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The Informed Parent

Gardasil Vaccine For The Girls And The Guys

by Shanna R. Cox, M.D., F.A.A.P.
Published on Feb. 27, 2012

The Gardasil vaccine, also known as HPV4, for the four strains of human papilloma virus it prevents against (HPV 6, 11, 16, and 18), is now being officially recommended for administration to boys. In the newsletter for the American Academy of Pediatrics, “AAP News,” a highlight article on the front page of the January 2012 issue confirms that the Centers for Disease Control has endorsed Gardasil vaccine dosing for boys with much the same guidelines as have existed for girls for many years now. The Centers for Disease Control’s official statement comes after review and recommendation by the Advisory Committee on Immunization Practices. The guidelines are as follows:

  • Males are included in the Gardasil schedule from age nine to 21 years of age for routine vaccination with a 3 dose series, with a start dose and 2 subsequent doses two and six months from the first dose.
  • High-risk males ages 22 to 26 years who have not been previously vaccinated may be vaccinated during this later age range.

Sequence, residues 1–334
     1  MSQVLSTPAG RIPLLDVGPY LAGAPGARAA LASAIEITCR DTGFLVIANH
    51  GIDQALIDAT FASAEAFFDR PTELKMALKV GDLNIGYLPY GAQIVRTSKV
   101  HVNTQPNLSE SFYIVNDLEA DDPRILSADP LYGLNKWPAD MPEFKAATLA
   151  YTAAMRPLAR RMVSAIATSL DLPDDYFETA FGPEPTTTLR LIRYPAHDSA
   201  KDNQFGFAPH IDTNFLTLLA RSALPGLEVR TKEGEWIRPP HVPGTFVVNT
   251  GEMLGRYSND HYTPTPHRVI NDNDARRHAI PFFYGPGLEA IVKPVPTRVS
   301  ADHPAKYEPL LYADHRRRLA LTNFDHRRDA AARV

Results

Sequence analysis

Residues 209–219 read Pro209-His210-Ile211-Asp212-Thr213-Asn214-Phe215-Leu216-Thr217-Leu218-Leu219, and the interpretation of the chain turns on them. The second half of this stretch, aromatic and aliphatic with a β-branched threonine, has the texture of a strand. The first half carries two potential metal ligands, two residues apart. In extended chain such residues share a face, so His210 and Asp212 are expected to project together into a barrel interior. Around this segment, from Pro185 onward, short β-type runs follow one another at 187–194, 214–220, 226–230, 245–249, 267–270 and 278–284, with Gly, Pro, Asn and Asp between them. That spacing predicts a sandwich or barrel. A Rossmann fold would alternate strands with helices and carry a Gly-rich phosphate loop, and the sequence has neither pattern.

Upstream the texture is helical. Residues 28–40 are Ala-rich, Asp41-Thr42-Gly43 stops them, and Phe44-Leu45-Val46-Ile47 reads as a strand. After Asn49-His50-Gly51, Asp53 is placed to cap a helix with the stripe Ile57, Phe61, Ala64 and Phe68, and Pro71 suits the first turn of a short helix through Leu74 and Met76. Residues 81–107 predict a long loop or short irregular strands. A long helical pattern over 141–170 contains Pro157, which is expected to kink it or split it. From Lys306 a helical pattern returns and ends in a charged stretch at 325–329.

• Individuals with anaphylactic latex or yeast allergies are advised not to receive the Gardasil vaccine.    
  • Pregnant women are advised not to receive the Gardasil vaccine.
  • Gardasil does not contain thimerosol, a mercury preservative.

Gardasil will not treat a current or known HPV infection, nor will it prevent against all HPV serotypes. It is important to remember the vaccine is purposefully specific to the four serotypes mentioned above that have been shown to have the most harmful effects in these age groups. Gardasil is not protective against other types of sexually transmitted diseases.

Gardasil for males has both direct and indirect health benefits. Directly, it is a protectant against some HPV associated pre-cancers and most genital warts. A male receiving the Gardasil vaccine also benefits any future partner by not transmitting HPV, thereby protecting the individual from cervical, vaginal, anal, and vulvar cancers. Optimally, the vaccine should be administered prior to any HPV exposure.

It is expected that the national organization for children, the American Academy of Pediatrics, will endorse these guidelines as well within the next few months. SO, get educated now, and ask your pediatrician what the vaccine schedule to consider for your child should be. Also remember, it’s yet another opportunity to really talk to your kids, find out what they know, what they think, and how they view their health. 

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